California has an official state tree (California redwood), official fossil (saber-toothed cat), official prehistoric artifact (Chipped Stone Bear), official state flower (golden poppy), official song (“I Love You, California”), even an official state fabric (what else – denim).
Now it has an official state dinosaur, and the creature has roots in western Fresno County.
Gov. Jerry Brown has signed Assembly Bill 1540 making the plant-eating, duck-billed Augustynolophus morrisi the official state dinosaur, his office announced late Saturday.
Only two specimens of the dinosaur have ever been found, both in the Panoche Hills west of Interstate 5. Both sets of bones were dug out of layers of rock that once lay at the bottom of the ancient Pacific Ocean.
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Over millions of years, those layers were shoved to the surface by tectonic forces and folded into the hills that flank Interstate 5 along the west side of the San Joaquin Valley.
An analysis of the bill notes that Augustynolophus morrisi has been found no where else in the world. The bill was authored by Assemblyman Richard Bloom, D-Santa Monica, and supported by about a half-dozen scientific and mineral groups, including the Los Angeles County Museum of Natural History Foundation. The fossil remains of the two specimens are housed at the Natural History Museum in Los Angeles.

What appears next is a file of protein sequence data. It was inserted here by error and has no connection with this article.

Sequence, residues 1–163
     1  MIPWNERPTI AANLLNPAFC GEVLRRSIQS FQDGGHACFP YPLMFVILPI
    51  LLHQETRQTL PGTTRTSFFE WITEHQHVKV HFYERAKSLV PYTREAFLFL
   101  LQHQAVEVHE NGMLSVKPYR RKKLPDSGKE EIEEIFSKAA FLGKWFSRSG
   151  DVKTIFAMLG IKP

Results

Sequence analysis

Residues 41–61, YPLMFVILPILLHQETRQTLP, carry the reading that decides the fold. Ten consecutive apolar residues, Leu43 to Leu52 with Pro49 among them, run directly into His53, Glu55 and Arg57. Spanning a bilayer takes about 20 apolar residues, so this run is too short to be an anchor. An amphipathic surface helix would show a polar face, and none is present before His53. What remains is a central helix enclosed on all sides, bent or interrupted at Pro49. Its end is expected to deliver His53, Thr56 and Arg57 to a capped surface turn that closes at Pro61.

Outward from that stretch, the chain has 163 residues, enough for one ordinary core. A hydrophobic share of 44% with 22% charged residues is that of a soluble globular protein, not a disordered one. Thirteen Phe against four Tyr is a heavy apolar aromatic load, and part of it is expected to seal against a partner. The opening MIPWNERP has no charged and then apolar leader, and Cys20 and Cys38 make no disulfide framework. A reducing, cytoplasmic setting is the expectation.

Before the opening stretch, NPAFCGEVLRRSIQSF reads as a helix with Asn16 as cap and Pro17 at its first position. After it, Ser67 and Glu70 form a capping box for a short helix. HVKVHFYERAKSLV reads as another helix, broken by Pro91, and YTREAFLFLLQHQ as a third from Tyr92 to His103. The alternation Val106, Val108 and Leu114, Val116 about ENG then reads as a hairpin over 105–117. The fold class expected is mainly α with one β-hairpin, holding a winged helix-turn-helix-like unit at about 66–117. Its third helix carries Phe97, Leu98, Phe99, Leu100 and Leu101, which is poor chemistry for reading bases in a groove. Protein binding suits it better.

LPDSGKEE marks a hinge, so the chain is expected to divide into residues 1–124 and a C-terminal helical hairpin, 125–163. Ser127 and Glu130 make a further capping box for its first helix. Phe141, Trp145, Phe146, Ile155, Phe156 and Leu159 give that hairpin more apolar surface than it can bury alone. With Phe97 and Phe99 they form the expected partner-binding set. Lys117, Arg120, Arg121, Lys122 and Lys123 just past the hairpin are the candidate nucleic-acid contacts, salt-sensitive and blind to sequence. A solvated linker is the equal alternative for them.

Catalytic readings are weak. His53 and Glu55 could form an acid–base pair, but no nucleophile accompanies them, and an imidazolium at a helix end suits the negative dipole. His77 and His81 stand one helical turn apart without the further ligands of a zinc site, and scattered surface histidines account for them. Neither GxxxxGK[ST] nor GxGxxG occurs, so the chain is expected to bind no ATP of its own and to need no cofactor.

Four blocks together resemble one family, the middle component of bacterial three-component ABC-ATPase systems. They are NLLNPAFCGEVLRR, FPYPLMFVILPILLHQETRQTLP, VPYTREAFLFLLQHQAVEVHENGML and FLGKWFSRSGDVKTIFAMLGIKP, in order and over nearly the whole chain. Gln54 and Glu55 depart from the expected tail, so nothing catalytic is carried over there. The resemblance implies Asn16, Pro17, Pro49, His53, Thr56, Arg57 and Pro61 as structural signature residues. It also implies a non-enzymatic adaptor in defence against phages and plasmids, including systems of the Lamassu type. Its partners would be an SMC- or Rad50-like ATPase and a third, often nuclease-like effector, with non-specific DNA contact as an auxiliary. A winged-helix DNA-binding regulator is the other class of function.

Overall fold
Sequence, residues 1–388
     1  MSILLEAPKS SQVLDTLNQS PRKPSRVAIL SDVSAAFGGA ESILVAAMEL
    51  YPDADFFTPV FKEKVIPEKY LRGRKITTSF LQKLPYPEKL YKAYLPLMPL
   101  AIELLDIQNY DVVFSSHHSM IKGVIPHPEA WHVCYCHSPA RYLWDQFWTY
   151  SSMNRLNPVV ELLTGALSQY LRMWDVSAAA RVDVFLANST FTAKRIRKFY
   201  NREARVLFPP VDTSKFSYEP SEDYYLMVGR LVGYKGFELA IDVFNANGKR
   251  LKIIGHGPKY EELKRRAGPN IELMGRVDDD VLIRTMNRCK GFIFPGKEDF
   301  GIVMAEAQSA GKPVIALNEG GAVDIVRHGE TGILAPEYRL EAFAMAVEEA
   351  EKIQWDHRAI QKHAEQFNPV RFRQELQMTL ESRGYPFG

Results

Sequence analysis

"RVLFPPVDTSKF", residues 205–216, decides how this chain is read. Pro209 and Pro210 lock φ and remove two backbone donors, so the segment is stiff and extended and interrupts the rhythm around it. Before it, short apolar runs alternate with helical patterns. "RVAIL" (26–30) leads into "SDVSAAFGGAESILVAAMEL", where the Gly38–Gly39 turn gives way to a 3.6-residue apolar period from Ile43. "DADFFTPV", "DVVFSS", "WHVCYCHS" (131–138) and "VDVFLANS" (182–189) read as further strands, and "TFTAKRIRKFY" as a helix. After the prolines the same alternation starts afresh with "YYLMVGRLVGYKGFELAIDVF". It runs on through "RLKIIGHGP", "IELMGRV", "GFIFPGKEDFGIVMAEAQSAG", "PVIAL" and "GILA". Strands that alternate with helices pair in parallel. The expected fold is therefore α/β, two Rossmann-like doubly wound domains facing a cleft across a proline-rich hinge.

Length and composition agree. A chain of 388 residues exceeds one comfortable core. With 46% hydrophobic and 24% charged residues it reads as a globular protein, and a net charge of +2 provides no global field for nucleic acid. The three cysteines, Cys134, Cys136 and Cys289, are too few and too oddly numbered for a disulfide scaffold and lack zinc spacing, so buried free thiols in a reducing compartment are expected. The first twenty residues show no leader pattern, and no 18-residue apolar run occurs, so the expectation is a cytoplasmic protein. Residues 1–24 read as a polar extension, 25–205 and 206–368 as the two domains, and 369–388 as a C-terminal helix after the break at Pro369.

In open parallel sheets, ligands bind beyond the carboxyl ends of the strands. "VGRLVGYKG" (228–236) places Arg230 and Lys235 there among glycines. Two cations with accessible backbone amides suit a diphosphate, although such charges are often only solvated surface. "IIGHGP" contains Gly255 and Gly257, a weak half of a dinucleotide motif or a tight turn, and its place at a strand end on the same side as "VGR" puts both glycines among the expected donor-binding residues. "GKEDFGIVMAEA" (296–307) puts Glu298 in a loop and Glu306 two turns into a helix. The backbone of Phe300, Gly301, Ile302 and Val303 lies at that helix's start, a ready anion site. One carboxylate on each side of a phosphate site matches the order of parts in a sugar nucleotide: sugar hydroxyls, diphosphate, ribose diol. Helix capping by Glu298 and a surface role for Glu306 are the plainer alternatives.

Paleontologists say the designation of Augustynolophus – it’s pronounced “AW-gus-TEEN-oh-low-fuss” – as the state dinosaur is important because of the rarity of finding land-dwelling dinosaurs in California, much of which was under water during the late Cretaceous period when big dinosaurs last roamed the earth.
Bloom’s office noted that seven other states and the District of Columbia have declared a state dinosaur to pay homage to the early creatures that walked the land. A state dinosaur is an opportunity to recognize California’s history and encourage interest in science among students, Bloom’s office argued.
“A state dinosaur is essential to California’s society because it nurtures an educational opportunity for the youngest Californian’s to become interested in paleontology, and S.T.E.M (Science, technology, engineering, and mathematics) as a whole.”